All the folly of a fight
With a common wrong or right.
The innocent and the beautiful
Have no enemy but time;
Arise and bid me strike a match
And strike another till time catch;
Should the conflagration climb,
Run till all the sages know.
We the great gazebo built,
They convicted us of guilt;
Bid me strike a match and blow.

Exciting News

Exciting… Ireland needs a fibre mag!

Confessions of a Fibre Strumpet

Untitled design

Well I’m excited anyway.

You might remember I’d said I was up to something when I closed the shop?

Well I was and……

Drum roll please

Olann and

My very good friend Deirdre and I are happy to announce the upcoming lauch of ‘Olann and‘ an online fibre magazine focusing on the Irish market.

We’re busy working on the first issue at the moment and it’s due out the third week of November…. yippee!

Expect loads of fibre, yarn and crafty goodness and we’d love to hear your ideas too.

You can find us in the following places so far, with more to come soon, including a blog :-)

Instagram = @olannandmagazine

Pinterest = olannand 

Facebook = Olann and

Twitter = @olannand

We’d love to have as many of you on board, so be sure to come and join us.

Happy Fibre Crafting!

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I like Knitting!

Yes. I do. I like creating new patterns even more so!

Here are four of my recent patterns which were published in I like Knitting recently.  I like knitting is a US based knitting ezine or online magazine.


An Farraige Shawl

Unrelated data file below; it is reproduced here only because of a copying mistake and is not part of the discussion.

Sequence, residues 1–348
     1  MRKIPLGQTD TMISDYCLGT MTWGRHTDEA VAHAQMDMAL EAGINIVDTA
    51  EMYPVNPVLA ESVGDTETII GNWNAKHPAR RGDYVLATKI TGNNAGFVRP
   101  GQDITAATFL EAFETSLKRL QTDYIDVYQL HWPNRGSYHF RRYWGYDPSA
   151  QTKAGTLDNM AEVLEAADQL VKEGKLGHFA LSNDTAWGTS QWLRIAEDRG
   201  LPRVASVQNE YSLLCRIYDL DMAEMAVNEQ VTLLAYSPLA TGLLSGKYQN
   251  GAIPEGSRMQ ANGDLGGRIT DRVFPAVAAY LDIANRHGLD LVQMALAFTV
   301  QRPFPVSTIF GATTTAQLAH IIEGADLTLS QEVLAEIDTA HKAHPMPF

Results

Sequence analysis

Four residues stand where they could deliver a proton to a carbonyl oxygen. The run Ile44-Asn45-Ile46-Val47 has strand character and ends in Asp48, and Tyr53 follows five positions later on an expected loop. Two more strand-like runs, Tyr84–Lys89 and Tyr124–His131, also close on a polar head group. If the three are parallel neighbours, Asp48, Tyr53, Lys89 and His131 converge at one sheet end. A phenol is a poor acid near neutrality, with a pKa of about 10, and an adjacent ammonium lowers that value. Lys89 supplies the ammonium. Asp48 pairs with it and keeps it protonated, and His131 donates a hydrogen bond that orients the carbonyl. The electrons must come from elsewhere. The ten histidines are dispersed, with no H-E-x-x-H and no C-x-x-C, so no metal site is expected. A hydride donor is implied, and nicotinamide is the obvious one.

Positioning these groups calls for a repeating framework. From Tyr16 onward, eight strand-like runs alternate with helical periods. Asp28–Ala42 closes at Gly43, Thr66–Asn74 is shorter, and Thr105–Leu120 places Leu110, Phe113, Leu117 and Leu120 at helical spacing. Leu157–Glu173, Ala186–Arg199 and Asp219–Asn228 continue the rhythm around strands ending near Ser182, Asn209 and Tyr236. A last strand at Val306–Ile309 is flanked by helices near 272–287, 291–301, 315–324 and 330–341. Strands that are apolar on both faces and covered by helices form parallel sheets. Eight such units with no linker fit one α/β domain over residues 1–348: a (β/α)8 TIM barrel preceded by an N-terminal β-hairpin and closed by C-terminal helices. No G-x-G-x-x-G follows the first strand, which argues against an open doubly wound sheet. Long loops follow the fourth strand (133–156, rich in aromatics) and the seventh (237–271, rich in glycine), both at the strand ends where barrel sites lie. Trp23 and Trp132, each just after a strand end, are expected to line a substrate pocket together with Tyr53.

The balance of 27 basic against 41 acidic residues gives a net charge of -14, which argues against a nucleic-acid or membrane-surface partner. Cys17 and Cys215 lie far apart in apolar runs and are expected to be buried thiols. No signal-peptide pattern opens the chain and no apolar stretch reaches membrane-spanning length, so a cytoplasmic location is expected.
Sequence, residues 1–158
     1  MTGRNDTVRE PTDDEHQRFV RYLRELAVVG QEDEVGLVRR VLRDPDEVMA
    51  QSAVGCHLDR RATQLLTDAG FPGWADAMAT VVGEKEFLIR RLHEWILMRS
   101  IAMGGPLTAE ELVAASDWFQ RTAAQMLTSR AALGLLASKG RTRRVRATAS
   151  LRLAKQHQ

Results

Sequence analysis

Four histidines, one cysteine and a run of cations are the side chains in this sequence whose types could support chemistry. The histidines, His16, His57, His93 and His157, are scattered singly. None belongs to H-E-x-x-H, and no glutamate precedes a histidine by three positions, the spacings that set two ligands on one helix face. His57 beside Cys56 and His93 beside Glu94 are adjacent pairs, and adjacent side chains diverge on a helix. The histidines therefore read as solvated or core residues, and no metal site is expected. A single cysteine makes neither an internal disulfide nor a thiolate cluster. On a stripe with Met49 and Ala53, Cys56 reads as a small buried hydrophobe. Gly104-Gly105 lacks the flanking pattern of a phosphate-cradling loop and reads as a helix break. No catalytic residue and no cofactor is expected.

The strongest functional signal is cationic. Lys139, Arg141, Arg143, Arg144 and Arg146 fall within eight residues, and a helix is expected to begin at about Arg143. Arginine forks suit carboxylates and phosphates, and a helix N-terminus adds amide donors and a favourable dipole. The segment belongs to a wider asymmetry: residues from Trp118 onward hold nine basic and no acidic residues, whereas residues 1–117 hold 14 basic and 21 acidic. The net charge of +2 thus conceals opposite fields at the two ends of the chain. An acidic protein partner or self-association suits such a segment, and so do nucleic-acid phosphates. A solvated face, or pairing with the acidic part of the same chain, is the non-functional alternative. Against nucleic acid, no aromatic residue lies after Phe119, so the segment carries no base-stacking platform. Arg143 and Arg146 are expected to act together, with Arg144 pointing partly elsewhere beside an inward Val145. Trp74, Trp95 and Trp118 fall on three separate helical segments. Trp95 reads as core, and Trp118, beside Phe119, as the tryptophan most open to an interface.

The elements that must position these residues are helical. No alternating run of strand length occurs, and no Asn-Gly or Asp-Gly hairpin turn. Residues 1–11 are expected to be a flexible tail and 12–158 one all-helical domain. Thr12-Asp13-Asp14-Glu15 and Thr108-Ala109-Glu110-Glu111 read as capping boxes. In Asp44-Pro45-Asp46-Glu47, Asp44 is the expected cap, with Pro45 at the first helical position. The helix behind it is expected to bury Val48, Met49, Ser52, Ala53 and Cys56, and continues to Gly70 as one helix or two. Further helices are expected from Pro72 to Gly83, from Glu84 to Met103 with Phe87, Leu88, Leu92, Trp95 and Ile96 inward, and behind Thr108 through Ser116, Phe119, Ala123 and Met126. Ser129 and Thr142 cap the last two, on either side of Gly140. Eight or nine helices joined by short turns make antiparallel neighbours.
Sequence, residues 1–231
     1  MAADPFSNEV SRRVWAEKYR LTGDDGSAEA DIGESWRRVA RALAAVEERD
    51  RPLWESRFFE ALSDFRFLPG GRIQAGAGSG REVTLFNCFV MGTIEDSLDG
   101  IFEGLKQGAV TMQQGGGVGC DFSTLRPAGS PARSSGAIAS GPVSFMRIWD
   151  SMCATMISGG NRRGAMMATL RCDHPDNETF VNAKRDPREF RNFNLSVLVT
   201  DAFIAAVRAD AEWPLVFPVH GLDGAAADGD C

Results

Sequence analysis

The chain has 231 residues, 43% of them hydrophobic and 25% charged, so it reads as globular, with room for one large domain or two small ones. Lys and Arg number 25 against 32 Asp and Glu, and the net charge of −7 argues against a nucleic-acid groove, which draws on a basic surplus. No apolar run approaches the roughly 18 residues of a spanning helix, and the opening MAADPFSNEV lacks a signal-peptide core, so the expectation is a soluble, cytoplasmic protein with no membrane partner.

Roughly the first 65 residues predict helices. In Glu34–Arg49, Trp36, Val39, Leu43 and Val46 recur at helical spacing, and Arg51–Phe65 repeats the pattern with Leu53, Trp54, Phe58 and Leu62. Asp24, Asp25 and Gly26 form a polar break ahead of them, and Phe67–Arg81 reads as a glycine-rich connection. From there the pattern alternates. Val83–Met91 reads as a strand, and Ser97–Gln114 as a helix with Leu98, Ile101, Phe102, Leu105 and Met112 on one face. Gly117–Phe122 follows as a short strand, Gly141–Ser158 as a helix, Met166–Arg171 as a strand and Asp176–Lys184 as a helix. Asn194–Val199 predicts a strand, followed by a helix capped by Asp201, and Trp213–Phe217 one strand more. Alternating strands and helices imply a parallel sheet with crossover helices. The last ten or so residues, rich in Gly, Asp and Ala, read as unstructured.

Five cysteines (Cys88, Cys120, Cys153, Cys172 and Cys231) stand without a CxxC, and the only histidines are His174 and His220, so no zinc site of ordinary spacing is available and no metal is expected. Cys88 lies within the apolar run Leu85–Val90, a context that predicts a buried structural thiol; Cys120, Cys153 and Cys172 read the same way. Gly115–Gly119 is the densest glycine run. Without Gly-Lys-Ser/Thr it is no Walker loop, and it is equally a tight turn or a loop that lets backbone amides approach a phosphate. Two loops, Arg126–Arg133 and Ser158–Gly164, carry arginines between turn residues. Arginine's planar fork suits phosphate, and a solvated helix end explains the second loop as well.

Lemon-Dipped-Shawl Lemon-Dipped-Shawl-1

Liomoid Sorbet Shawl

Both An Farraige Shawl and Liomoid Sorbet Shawl can be found in I Like Knitting August Ediition

Sensational-Seaweed-Wrap Sensational-Seaweed-Wrap-1 Sensational-Seaweed-Wrap-2

Feamainn wrap or cowl!


Teach Solais shawl!

Both Teach Solais and Feamainn Wrap patterns were published in the June Edition of I Like Knitting.


And the winner is…

Okay well, winners ‘cos there is two!

Firstly meet the Magic Hat, I’m not sure where he came from but his honesty and integrity are second to none.

empty hat

Now, all those who bought a Deirdre na nDolais pattern in the last two weeks on ravelry are about to be virtually thrown in to the hat and a winner will be chosen at random.

the hat kit 1and the winner is

winner of the kit

Wahoo! congratulations. A shawl kit will be winging its way to you shortly! Well as soon as I know where to sent it

Now for all those who joined the group on ravelry or commented on the original post, it’s your turn.

pattern onlyand first out of the hat was…

winner of pattern

Congrats and thanks to everybody who bought, joined up or commented on.



Tír na nÓg Shawl Pattern

photo 3 (1)

Last year, I designed Tír na nÓg shawl and had my first published pattern in Knit Now, a UK based magazine. And now the rights have reverted back to me. This pattern can now be purchased in my ravelry store.

The shawl design is inspired by old Irish myths and legends, the tales of Fionn Mac Cumhaill and the the Fianna. In Irish folk lore, Tír na nÓg is best known for the tale of Niamh Cinn Ór and Oisín, the son of the warrior Fionn Mac Cumhaill.  In the legend, Oisín and Niamh of Tír na nÓg fall in love. She brings him across the sea to Tír na nÓg on a magical white horse that can travel over water. After spending three years in the land of eternal youth, Oisín becomes homesick and wishes to return to Ireland. Niamh reluctantly allows him return across the sea on her magical horse, but forewarns him never to touch the Irish soil. When he returns, he finds that in reality three hundred years have passed in Ireland. While helping some men, move a rock, Oisín falls from the horse and instantly transforms into an ancient man.  He wanders around Ireland for years and eventually encounters St. Patrick and tells him his tale. He dies without ever returning to Tír na nÓg.